US fund house MFS Investment Management aims to strengthen its research teams and build its client base in Asia Pacific, with a focus on institutional and wholesale business.

While the firm has plans to open an office in Korea at some point, as discussed with AsianInvestor two years ago, it will prioritise adding staff in its existing offices in Hong Kong, Singapore, Sydney and Tokyo.

“If look around the globe, I can say our Asian and Latin American research teams will grow faster than our European or US teams,” said Rob Manning, MFS's global CEO and chairman. “I am a big believer in emerging markets, and we will be adding in those regions.”

MFS has about $430 billion in assets under management, of which around $50 billion is managed for clients in Asia Pacific. Australia and New Zealand account for about half of its regional AUM, with Asia ex-Japan representing 20% and Japan the remainder.

Overall MFS has about 70 staff in the region, including six portfolio managers, 11 analysts and five research associates. Its analysts operate within eight sector teams globally, with PMs assembling best ideas off of this research platform.

Globally its business is about 50:50 institutional and retail, although in Asia the split is weighted up to 90% in favour of institutions. Outside of the US its focus is on institutional and sub-advisory business, although it does have Sicav-registered mutual fund product listed in Luxembourg.

MFS's single biggest strategy is its global equity fund, which it hard-closed last October at $60 billion, of which Asian clients represent about 10%.

The firm in particular is targeting sovereign wealth funds and insurers' general account assets, while also seeking to get its product on distributor platforms.

“As long as the wealth continues to accrue [in Asia] and the middle class advances, the demand for product is going to be greater in Asia than Europe and even the US,” noted Manning.

But MFS has no plans to launch locally domiciled funds for pending passporting initiatives such as the Hong Kong-China or Asean schemes, said Jonathan Tiu, who was named Singapore CEO last November. “That is not our focus."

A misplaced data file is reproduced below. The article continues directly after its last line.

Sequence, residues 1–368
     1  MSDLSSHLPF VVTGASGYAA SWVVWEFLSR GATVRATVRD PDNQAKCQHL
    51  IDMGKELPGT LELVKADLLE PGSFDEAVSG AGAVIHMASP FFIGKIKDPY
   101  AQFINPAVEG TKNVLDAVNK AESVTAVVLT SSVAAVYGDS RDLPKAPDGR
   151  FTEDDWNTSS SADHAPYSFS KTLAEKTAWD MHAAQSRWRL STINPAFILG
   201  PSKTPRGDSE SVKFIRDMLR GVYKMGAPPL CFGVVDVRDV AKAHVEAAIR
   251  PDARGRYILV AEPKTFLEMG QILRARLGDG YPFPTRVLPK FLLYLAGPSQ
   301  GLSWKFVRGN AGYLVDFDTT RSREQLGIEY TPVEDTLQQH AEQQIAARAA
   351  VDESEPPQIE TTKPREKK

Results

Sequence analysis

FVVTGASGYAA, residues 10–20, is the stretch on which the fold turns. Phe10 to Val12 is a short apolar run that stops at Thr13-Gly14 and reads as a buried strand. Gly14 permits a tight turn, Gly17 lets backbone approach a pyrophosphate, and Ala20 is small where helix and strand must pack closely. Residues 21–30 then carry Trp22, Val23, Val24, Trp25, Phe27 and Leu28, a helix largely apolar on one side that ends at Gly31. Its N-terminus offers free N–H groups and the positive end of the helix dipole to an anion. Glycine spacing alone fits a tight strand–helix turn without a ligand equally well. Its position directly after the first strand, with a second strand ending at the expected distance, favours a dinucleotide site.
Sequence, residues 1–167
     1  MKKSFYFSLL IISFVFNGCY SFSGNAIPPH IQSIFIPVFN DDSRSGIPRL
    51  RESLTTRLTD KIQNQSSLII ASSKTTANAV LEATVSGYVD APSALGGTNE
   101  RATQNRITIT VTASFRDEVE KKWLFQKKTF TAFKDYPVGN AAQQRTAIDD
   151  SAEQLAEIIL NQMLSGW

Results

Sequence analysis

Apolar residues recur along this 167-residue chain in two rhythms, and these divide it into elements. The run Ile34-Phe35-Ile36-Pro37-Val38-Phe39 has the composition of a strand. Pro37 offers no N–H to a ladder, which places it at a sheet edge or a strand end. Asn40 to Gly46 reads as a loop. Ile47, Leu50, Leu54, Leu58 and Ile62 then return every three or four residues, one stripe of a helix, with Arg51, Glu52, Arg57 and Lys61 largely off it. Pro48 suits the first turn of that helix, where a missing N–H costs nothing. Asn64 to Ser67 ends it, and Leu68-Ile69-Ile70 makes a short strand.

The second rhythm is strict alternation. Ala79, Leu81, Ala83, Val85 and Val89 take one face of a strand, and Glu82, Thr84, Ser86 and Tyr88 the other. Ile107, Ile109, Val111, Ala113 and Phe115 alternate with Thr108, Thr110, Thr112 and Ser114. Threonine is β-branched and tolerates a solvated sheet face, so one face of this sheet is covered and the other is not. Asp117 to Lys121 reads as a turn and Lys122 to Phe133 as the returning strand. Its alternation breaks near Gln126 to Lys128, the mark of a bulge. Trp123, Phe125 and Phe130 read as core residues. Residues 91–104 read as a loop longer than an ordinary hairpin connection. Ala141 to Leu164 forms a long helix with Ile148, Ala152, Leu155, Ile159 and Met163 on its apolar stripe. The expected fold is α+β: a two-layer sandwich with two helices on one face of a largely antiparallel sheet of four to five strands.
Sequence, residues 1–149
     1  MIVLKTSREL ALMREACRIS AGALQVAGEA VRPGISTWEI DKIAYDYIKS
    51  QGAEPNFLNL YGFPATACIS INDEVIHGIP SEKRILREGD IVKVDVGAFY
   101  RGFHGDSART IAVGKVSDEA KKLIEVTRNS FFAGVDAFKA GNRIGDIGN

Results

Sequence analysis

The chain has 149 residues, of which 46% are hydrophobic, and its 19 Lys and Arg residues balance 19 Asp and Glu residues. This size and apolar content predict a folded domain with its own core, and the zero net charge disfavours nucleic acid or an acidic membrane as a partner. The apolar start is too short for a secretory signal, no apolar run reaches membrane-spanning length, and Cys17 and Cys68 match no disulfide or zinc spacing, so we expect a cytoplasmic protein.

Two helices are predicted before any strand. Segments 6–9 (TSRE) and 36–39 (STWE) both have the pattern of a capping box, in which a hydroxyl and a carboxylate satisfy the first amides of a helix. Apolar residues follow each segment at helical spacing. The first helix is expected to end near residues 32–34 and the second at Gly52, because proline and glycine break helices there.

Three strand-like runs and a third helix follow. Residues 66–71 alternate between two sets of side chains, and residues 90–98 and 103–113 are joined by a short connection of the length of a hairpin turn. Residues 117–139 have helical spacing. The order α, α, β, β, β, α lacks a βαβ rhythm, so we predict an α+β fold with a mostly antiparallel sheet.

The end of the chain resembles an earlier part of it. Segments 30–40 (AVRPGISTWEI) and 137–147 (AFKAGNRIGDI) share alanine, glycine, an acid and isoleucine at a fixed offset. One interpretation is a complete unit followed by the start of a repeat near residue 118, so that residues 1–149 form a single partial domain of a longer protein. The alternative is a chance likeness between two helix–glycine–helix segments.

“The passport will benefit local institutions more than international managers like us, since we have our funds listed in Luxembourg," added Tiu. "I know they [Europe-listed products] will probably lose favour versus locally registered product over the long run, but nevertheless that has been our mode of operation. We do not manufacture locally.”

While he does not rule out going after retail clients directly in the future, MFS's immediate focus is on capturing retail business through distribution partners and sub-advisory. “That is the most efficient way of looking at it, capturing growth through our partners rather than doing it ourselves," said Tiu.

He sees better opportunities to deepen relationships with sovereign wealth funds, pension funds and insurers in Asia and the Middle East.

Asked if MFS had picked up any mandates from Chinese insurers, where rules have been relaxed to allow them to invest more widely overseas, Tiu said “not yet” but he sees it as an area rich in potential.

The firm received a new capital markets licence from the Monetary Authority of Singapore in November, with its new entity officially starting operations in April.

That freed MFS to expand its international investor base. Until it had received its licence, the firm had been restricted to managing money for no more than 30 accredited and institutional investors. The number is unlimited for companies with a full fund management licence.